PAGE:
Daggers drawn over prorogation protest

 

ABC-linked UTTA accused of planning to stop next week’s LCD-led march 

Billy Ntaote and Bongiwe Zihlangu

Lesotho will sit on a knife edge on Monday as the Lesotho Congress for Democracy (LCD) embarks on protests to force Prime Minister Thomas Thabane to end the prorogation (suspension) of Parliament amid fears that the planned demonstrations may turn violent.

The organisers of the protests and Dr Thabane’s All Basotho Convention (ABC) traded accusations of skulduggery this week as LCD leader Mothetjoa Metsing rallied his supporters to report for the protests in large numbers to send a strong message to the premier that he can no longer keep Parliament shut.

Mr Metsing faced accusations that, even though he had declared that the Monday protests would be largely peaceful, his party wanted to create chaos and create conditions for the army to intervene and stage a coup against Dr Thabane. The LCD strongly denies the charges.

The LCD has rallied supporters and leaders of other congress movement political parties, mainly the Democratic Congress (DC), Lesotho People’s Congress (LPC), Basotho Congress Party (BCP), Basotho Batho Congress Party (BBDP), to join in the Monday protests.

Police sources told the Lesotho Times that they believed organisers of the protests planned to divert from the normally prescribed routes for such protests in an attempt to cause mayhem at the government complex, where the Prime Minister’s office is located.

Dr Thabane’s spokesman, Thabo Thakalekoala, said he had heard information that the organisers of the protests planned to deviate from the routes prescribed by the police and to generally disobey any guidelines stipulated for the protests and cause mayhem by attempting to gain access to the government complex through the VIP entrance.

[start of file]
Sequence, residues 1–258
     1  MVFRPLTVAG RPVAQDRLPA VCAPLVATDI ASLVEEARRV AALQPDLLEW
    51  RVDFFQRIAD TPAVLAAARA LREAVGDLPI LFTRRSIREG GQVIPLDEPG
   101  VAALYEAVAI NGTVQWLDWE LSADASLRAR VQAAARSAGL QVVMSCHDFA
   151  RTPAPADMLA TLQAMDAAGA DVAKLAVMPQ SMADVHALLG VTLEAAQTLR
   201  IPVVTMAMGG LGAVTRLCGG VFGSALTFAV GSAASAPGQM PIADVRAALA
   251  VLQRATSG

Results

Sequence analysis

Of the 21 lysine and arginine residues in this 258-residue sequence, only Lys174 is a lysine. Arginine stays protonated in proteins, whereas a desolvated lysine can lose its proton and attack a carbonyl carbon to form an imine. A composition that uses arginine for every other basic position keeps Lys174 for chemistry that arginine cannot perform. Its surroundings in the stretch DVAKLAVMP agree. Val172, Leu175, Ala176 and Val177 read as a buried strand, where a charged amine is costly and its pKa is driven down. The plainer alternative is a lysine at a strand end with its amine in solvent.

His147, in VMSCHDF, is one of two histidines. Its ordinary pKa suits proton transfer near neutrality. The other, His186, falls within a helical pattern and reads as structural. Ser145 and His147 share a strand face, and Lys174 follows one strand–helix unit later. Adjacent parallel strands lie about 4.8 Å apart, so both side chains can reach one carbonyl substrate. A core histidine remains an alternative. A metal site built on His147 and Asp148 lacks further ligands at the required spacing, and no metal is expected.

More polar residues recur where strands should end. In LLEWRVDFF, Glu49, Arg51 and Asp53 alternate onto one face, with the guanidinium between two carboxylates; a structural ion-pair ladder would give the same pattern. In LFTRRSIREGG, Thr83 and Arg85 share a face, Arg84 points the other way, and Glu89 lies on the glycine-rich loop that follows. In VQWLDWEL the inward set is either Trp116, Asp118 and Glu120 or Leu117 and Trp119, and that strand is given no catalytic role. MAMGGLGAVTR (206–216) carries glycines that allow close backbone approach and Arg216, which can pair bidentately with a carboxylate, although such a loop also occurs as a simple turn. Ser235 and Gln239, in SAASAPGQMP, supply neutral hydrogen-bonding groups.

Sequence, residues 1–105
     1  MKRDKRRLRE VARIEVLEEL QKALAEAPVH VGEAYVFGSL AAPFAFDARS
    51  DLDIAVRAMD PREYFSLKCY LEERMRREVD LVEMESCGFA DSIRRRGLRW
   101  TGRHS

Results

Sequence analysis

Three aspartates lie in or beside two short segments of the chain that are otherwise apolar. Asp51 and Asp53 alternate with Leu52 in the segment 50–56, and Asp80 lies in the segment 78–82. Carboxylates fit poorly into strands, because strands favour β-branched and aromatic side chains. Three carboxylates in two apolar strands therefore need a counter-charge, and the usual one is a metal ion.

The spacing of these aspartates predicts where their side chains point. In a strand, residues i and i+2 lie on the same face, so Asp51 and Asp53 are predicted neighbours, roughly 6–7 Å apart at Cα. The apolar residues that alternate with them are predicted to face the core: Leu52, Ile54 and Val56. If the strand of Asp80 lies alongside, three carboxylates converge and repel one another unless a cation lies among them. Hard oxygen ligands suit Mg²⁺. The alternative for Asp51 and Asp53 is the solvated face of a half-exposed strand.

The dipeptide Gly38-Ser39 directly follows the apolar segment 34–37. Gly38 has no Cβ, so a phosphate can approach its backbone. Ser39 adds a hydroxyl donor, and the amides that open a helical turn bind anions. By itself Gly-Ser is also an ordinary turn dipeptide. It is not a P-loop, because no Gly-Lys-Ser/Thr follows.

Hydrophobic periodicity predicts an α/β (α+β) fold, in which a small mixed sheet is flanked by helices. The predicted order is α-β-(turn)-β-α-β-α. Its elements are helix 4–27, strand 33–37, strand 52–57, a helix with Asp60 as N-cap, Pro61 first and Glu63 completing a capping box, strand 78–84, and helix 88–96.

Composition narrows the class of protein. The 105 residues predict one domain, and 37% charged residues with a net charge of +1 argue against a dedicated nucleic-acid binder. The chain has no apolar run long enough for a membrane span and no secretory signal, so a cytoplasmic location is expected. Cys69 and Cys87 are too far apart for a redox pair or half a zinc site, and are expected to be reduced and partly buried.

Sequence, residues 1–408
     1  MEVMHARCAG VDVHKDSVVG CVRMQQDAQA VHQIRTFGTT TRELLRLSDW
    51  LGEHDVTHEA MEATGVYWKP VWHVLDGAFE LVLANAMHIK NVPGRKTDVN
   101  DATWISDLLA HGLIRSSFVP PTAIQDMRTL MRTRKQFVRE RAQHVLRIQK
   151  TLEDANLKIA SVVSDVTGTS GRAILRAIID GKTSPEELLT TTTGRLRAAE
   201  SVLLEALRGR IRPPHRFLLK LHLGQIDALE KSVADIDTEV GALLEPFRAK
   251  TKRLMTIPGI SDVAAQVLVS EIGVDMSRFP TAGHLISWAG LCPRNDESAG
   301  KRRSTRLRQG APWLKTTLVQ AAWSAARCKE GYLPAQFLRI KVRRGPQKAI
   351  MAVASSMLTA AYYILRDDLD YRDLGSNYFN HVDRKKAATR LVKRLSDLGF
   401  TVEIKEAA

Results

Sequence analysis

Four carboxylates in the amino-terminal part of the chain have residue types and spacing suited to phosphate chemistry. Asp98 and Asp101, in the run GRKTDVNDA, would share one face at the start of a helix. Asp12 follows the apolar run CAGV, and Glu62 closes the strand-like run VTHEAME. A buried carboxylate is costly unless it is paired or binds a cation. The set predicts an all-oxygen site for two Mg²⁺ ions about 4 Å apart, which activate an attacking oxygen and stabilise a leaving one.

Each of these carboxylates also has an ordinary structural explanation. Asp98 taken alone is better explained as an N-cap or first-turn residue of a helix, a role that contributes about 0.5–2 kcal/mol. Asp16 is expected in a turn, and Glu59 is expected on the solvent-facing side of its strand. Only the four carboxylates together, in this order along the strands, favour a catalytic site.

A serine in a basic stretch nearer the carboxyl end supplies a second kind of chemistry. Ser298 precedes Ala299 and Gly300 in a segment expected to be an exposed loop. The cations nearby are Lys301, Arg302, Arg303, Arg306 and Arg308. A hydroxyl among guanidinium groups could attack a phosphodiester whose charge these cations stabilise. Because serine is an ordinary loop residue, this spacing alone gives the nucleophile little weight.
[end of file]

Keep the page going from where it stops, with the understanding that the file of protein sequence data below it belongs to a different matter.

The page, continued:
Mr Thakalekoala said the police would be left with no choice but to take stern action against any “criminal transgressions”.
He said the LCD, as a member of the coalition government, had an obligation to act responsibly and avoid creating conditions of anarchy.

Mr Metsing had earlier in the week rebuffed allegations that his party is trying to coax the army into intervening in the current crisis saying “the military does not protect any political party but the general public and the country’s constitution”.

He said if his party was assured of military support, then it would not have opted for the march in the first place, but instead just relied on that support.
“The military has its own duties and this march is about politics….this is a march done in the name of democracy.”
Bokang Ramatšella, the spokesperson of the LPC, which is helping the LCD in organising Monday’s protests, accused a youth group aligned to the ABC called ‘Under
The Tree Army’ or UTTA, of planning to stop Monday’s protests violently, charges denied by the group’s spokesmen.

Mr Ramatšella, who was arrested a day after granting the Lesotho Times an interview, reportedly on sedition charges, also claimed to have received death threats from UTTA members.
“We know about plans to kidnap me, as well as Teboho Sekata and Ramahooana Matlosa (LCD members who have been publicising the protest march), and possibly kill us, although we have not reported the threats to the police,” said Mr Ramatšella.

“Our sources have told us that UTTA members are behind this plan, and that the main issue is next Monday’s protest, which has since been publicly confirmed by the LCD, who are leading it.”
According to Mr Ramatšella, UTTA members had become increasingly “agitated and insecure” after congress parties decided to unite in their opposition to Dr Thabane’s prorogation of parliament.
“The UTTA guys realise that their days of taking advantage of their political connections to make money are now numbered, and have decided to do something about it.
“That is why they believe by taking out somebody like myself, as well as Sekata and Matlosa, they have removed the biggest threats to their flamboyant lifestyles.